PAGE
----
Golf GTI: 'I'd be very happy to have one in the garage'
A boy may dream and a Golf GTI gives Campbell Spray sweet thoughts but practicality pushes him towards an i30
There are the cars you get, the ones you deserve, those that are lusted over, and, of course, the ones you end up with.
Sometimes there might be a bit of overlap, but usually not. And, there's often someone sitting next to you who will make sure your ambitions are brought tumbling down to earth.
That's how it has been with me over the last few weeks. If there was a car that should have been mine it was the Volkswagen Golf GTI CS. Look, it even has my initials. Okay, they might really stand for Club Sport, but a boy can dream.
It's now more than 40 years since a sedate world had its pulse quickened by the first GTI version of the Golf and petrol-heads have never looked back. There might be many imitators but there's still nothing like the original although the Volkswagen range of cars in this bracket has been extended with all sort of versions branded R, GTD, GTI, Autobahn etc.
But it is the GTI CS which is the tastiest, with little to show off on the specially lowered exterior until you see the red callipers behind the 18-inch alloys. It leaves its talking for the road. And it certainly walks the talk, giving excitement and a hint of danger which the AWD Golf R doesn't have. The kickdown function which gives a momentary boost of 10pc to engine power is wheel-spinning exciting and makes this model the most powerful GTI ever as it rockets to 100kmh in 6.3 seconds.
Of course, our dog Sam didn't like the idea of just two doors but with some cleverly positioned beach towels and his ramp he was able to make his way into the back.
Again the interior was sporty and plush without being ostentatious. Just some nice red stitching, supportive sports seats and "alcantara" soft suede steering wheel and gear knob. How many specially bred stoats sacrificed their skins for this, I shudder to think.
The car was coming down with safety and comfort extras but they weren't important in the long run because it's a car to be driven with skill and attitude. I loved it, but I know it is totally impractical for me. For those who really love their motoring won't do anything stupid and respect the driving heritage that the Golf GTI Club Sport gives them, even at an on-the-road price of €45,157 for the test car, it is worth it.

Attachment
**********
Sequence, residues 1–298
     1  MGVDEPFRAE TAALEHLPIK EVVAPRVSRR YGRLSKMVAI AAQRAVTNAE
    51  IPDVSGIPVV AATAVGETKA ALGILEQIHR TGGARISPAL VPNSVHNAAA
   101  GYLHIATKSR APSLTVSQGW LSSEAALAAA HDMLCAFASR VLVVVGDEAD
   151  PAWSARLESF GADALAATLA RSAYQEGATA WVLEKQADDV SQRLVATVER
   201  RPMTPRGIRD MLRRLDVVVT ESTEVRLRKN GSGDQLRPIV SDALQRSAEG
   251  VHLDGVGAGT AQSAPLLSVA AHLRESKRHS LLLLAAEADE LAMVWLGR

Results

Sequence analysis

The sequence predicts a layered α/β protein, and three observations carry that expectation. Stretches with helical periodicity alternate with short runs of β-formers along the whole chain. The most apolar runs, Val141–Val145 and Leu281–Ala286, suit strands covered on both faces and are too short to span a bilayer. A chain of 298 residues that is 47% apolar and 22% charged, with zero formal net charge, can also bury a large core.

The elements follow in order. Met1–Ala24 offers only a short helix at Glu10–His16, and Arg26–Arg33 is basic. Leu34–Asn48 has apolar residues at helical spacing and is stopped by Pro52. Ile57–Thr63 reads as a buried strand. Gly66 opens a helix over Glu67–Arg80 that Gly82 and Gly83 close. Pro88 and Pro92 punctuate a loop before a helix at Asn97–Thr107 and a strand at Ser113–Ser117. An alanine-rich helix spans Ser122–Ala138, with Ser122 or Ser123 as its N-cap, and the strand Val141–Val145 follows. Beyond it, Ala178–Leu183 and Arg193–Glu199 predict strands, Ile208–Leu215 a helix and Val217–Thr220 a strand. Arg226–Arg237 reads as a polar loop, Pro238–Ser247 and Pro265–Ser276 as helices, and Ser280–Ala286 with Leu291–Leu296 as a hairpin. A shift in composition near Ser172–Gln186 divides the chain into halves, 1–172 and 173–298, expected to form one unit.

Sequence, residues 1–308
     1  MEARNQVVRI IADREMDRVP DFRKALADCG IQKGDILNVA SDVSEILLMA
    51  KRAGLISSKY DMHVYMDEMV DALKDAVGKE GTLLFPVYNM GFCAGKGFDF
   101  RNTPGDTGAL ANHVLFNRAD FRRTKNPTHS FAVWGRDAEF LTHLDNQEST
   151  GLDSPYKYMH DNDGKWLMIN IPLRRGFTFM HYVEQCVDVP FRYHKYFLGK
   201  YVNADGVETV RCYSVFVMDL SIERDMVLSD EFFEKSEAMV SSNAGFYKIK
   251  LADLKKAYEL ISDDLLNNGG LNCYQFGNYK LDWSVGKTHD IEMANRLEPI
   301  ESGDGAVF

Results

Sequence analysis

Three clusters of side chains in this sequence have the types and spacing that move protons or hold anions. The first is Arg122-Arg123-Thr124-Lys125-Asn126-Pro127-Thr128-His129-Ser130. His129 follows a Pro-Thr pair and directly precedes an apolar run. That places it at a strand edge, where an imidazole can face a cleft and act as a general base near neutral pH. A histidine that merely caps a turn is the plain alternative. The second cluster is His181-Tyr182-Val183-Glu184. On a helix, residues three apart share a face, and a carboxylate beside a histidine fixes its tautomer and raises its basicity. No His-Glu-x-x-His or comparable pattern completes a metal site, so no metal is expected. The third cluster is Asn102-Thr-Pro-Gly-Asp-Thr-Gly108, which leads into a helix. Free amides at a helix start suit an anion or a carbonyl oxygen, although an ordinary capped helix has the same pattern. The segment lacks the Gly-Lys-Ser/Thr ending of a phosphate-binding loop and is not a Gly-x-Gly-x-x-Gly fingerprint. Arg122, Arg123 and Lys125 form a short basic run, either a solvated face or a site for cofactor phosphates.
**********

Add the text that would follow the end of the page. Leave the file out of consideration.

You might think it was a bit of a let down to go straight from the GTI to the new Hyundai i30, but in a way it wasn't. A boy may dream, but at the end of the day transport must be afforded and a family carried. The i30 is a great improvement on its predecessor which is not to say that it wasn't - and still is - a fine small family car.
The car isn't going to set the pulse racing except when you know that you have actually bought a very good car, which is exceptionally well specced, has a long warranty and probably won't cost you anything above fuels and oils for the next five years.
The i30 comes with both a 1.6-diesel and a 1.0-litre turbo petrol engine, the latter is out and out the best for the car, not least because diesel is rapidly becoming a pariah in some countries and will eventually be so here.
But that aside, the 1.0-petrol engine is absolutely lovely; very fine and responsive with a sportiness that betrays its size. In fact, 1.0-litre petrol engines are the way forward and the one coming in the updated VW Golf will really enhance that model. If you must, the diesel proved to be very flexible and solid for the test week.
Yet what I liked about the car was the ease of everything, the mass of safety equipment - including autonomous emergency braking, driver attention alert and lane keep assist - as standard, and things like rear view camera, rear parking assist system and folding exterior mirrors across all grades...
It has safe and controlled handling without having the excitement of cars like the GTI, and why should it? This is a very good car, practical and with cost and ease of ownership far more important for many than image and speed.
The handling isn't on par with the Ford Focus or Opel Astra but is totally adequate for everyday motoring as well as a fast spin down the country. I was annoyed that there isn't an automatic handbrake, which will make it seem very dated in few years time. The rear seats don't fold completely flat but still give an awful lot of carrying space.
The infotainment and connectivity are absolutely first class, although that isn't one of my priorities. It is a small family car and should not be confused with cars like the Skoda Octavia which are fairly massive in the back. I found leg room restricted in the rear, although three people could squish in for reasonable journeys.
The Deluxe Launch edition of the i30 1.0T Petrol is €22,745, with the De Luxe Plus model at €24,495 and diesels around €1,750 more, but you don't go there.
With a few reservations, I'd be very happy to have one in the garage, even though the little boy in me will still pine for the sweet sound of the GTI CS taking off...